Leibniz-IZW condemns Russia's attack on Ukraine
The Leibniz Institute for Zoo and Wildlife Research strongly condemns Russia's attack on Ukraine. The Leibniz-IZW employs Ukrainian scientists, is very concerned about our scientific colleagues in Ukraine and will support scientists in Ukraine to the best of our ability.
The Leibniz-IZW is an internationally renowned German research institute. It is part of the Forschungsverbund Berlin e.V. and a member of the Leibniz Association. Our goal is to understand the adaptability of wildlife in the context of global change and to contribute to the enhancement of the survival of viable wildlife populations. For this purpose, we investigate the diversity of life histories, the mechanisms of evolutionary adaptations and their limits, including diseases, as well as the interrelations of wildlife with their environment and people. We use expertise from biology and veterinary medicine in an interdisciplinary approach to conduct fundamental and applied research – from the molecular to the landscape level – in close dialogue with the public and stakeholders. Additionally, we are committed to unique and high-quality services for the scientific community.
+++ Current information on African swine fever: The Leibniz-IZW conducts research on the population dynamics, on models of disease outbreaks in wild boars and on the ecology and human-wildlife interaction in urban areas. African swine fever is a reportable disease in domestic swine and therefor is the purview of the respective federal state laboratories and the Friedrich-Loeffler-Institut (Federal Research Institute for Animal Health) FLI. +++
IPB University and Leibniz-IZW signed memorandum of understanding to accelerate conservation science and education
Berlin, Germany; 19.05.2022 — Today, the Indonesian “Institut Pertanian Bogor University (IPB University)” and the German “Leibniz Institute for Zoo and Wildlife Research (Leibniz-IZW)” signed a memorandum of understanding (MOU) witnessed by the Indonesian Ambassador, the representative of the Directorate General of Nature Conservation and Ecosystem Ministry of Environment and Forestry of the Republic of Indonesia and the Director of the German Zoo Leipzig. The MOU is outlining a new collaborative strategy for advancing future scientific and educational solutions to local and global sustainability and biodiversity conservation challenges.
Spotted hyenas adjust to a decreased presence of migratory prey in their territories induced by climate change. This is the key result of a paper recently published in the scientific journal Ecosphere. A team of researchers from the Leibniz Institute for Zoo and Wildlife Research (Leibniz-IZW), Germany, and the Centre for Functional and Evolutionary Ecology (CEFE), France, investigated the relationship between rainfall volume and migratory herbivore presence in hyena clan territories in the Serengeti National Park, Tanzania, and the responses of lactating hyenas to recent changes in the climate-prey relationship. Using an observation-based dataset spanning three decades, they showed that the substantial increase in annual rainfall during this time halved the presence of migratory herds inside the hyena clan territories, but did not affect the ability of female hyenas to access their prey and successfully nurse their young. This suggests a high plasticity of foraging behaviour of hyenas in response to changing environmental conditions.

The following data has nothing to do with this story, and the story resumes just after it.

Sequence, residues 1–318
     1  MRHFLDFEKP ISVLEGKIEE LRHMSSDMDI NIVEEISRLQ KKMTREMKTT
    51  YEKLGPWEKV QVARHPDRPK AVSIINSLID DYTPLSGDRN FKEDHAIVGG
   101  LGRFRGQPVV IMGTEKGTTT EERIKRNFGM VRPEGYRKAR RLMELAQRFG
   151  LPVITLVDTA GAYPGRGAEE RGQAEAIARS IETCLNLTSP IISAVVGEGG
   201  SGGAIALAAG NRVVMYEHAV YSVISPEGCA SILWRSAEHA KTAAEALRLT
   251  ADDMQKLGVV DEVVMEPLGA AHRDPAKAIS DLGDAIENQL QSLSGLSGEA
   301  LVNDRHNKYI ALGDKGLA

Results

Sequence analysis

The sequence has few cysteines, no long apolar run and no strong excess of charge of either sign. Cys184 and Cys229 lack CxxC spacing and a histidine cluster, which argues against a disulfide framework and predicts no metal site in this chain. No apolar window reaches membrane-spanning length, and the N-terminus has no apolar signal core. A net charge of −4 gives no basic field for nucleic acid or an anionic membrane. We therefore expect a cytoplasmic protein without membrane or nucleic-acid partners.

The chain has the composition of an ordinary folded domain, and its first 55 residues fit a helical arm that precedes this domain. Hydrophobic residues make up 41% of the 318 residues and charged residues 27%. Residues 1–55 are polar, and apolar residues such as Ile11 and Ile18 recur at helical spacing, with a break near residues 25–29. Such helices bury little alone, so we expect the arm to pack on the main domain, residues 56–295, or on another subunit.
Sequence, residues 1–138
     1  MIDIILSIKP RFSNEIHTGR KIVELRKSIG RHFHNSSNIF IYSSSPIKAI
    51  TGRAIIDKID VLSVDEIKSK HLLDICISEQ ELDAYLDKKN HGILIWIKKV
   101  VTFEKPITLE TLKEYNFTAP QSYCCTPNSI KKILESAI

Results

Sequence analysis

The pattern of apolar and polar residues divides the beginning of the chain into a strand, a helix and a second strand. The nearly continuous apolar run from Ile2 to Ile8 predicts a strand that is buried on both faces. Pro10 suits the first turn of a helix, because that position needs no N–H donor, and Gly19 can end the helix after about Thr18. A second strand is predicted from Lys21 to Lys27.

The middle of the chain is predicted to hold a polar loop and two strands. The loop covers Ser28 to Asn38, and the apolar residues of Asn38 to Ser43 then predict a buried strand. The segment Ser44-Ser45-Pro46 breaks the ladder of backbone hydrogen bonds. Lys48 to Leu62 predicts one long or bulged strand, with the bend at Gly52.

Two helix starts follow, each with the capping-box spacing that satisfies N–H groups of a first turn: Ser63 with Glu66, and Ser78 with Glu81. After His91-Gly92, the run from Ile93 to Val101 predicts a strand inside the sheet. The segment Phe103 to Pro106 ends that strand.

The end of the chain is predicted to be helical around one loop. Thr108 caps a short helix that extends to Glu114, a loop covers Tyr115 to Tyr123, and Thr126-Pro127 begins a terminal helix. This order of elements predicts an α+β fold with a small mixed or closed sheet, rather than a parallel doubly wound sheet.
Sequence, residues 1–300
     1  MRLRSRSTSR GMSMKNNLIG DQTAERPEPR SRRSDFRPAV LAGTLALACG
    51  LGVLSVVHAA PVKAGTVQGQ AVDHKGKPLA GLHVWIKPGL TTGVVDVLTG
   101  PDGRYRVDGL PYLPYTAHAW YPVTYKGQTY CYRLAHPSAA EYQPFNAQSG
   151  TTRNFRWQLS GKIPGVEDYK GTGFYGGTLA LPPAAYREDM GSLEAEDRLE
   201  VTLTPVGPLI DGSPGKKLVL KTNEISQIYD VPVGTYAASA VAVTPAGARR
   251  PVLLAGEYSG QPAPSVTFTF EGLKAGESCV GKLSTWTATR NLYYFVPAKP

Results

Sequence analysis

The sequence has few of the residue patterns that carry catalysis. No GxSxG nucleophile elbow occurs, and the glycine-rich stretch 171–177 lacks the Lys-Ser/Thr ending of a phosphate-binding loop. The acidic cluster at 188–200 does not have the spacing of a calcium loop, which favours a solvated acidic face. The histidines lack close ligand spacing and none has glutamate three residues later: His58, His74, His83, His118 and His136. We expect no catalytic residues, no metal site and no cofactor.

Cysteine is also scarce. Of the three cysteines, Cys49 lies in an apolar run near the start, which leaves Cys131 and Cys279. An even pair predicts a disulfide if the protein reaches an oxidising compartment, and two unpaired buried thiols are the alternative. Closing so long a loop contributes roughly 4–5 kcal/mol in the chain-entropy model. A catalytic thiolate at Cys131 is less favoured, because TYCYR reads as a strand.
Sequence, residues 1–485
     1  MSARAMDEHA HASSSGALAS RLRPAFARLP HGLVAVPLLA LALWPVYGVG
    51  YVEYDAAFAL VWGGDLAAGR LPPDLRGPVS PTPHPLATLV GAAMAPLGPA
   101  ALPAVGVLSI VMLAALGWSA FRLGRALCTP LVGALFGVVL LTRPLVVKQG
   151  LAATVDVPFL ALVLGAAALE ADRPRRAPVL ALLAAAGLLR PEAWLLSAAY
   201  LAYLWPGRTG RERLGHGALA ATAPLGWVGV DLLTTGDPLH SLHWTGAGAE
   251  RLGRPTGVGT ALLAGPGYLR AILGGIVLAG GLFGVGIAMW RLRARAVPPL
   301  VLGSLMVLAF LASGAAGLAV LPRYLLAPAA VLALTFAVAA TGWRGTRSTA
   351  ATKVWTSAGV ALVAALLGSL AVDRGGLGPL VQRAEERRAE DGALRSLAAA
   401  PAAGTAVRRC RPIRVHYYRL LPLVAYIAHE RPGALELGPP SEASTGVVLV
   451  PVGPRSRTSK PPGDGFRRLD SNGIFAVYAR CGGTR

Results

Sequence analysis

In North America, SARS-CoV-2 has spread from humans to white-tailed deer. The deer are now considered SARS-CoV-2 reservoirs and may even spill virus back to humans. A science team headed by the Leibniz Institute for Zoo and Wildlife Research (Leibniz-IZW) and the Charité have now shown that in Germany and Austria this has not happened as all deer tested were negative for SARS-CoV-2 antibodies. The research is reported in the journal “Microorganisms” in a special issue on Viruses of Wild Mammals.
Forest, COVID-19, Food and Extinction of Species: Research network publishes "10 Must Knows" on biodiversity
"10 Must Knows from Biodiversity Science”, ranging from climate stress for German forests, the restructuring of agriculture to the corona virus that has jumped from animals to humans, are now published for the first time. More than 45 experts from the Leibniz Research Network Biodiversity and colleagues have compiled this inventory on the preservation of nature as the basis of human life. In the run-up to the World Summit on Nature – the UN Biodiversity Conference in Kunming, China – the report is intended to invite dialogue, the researchers say. At the same time, they voice clear policy demands.
Pluripotent stem cells from the northern white rhinoceros: BioRescue moves one step closer to artificial egg cells
The BioRescue consortium develops advanced methods of assisted reproduction to save the northern white rhino from extinction. Oocytes from the last remaining females play a key role in this mission, as embryos are created from them by in-vitro fertilisation with sperm from deceased bulls. Within BioRescue, the Max Delbrück Center for Molecular Medicine (MDC) in Berlin is working with partners in Munich and Kyushu (Japan) on a second strategy for obtaining oocytes – developing them from stem cells. The team now created induced pluripotent stem cells (iPSCs) from northern white rhino Nabire and thereby substantially advanced the process of creating iPSCs and differentiating them into primed and naïve-like stem cells. This important step towards creating artificial oocytes from stem cells is described in the scientific journal “Scientific Reports”.